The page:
More padding might seem like more protection, but this is not actually the case.  Sitting on a bony protrusions concentrates a lot of force on a small surface area.  Now, by way of illustration, take your thumb and press into something soft--the seat-cushion or pillow next to you or your flabby gut if need be.  See how the thumb sinks ever deeper, compressing what's directly underneath it while the rest of the fabric comes up to the knuckle or higher?  This is what happens with a cushy saddle, except instead of your thumb, you're pressing down with 50% or more of your body weight.   This forces all of that comfy, cushy material you thought would help you up into your soft tissues, increasing pressure not only on your otherwise-engaged muscles, but negating that nice protective tunnel created by your sit bones.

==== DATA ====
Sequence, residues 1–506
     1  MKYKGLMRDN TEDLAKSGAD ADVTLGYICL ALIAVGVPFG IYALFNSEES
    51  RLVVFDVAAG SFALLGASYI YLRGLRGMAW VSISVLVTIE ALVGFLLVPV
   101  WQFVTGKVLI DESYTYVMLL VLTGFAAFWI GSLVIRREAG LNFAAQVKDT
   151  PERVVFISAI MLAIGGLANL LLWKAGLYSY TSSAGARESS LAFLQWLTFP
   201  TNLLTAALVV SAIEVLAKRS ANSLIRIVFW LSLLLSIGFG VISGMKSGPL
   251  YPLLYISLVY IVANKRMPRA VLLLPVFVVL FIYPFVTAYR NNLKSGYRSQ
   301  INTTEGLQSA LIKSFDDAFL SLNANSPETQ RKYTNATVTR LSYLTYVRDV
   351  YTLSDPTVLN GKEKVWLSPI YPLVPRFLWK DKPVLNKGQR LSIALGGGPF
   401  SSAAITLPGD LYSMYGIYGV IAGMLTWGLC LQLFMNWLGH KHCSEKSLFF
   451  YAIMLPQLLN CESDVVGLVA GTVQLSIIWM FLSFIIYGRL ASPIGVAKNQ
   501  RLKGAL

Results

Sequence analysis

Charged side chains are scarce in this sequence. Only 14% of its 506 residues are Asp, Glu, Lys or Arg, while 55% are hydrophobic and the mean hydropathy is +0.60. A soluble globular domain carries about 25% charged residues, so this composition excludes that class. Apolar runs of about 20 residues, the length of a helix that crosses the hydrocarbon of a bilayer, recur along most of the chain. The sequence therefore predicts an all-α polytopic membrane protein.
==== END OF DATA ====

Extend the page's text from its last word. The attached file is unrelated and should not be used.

Now, press your thumb against the surface of your desk.  Mushes the skin between your bone and the desk a little more, but there's nothing up around the knuckle to compress it or impair its motion.  This is the key difference.  Imagine you're at the gym doing curls with a barbell; if someone came along and sat on your bicep while you attempted the lift, you would not do very well.  If they stayed there long enough to numb your hand, you'd be angry and concerned.  The soft material of the thick saddle is a guy sitting on your leg muscles.  Literally.  The guy is you.   

The Other Guy is Your Perineum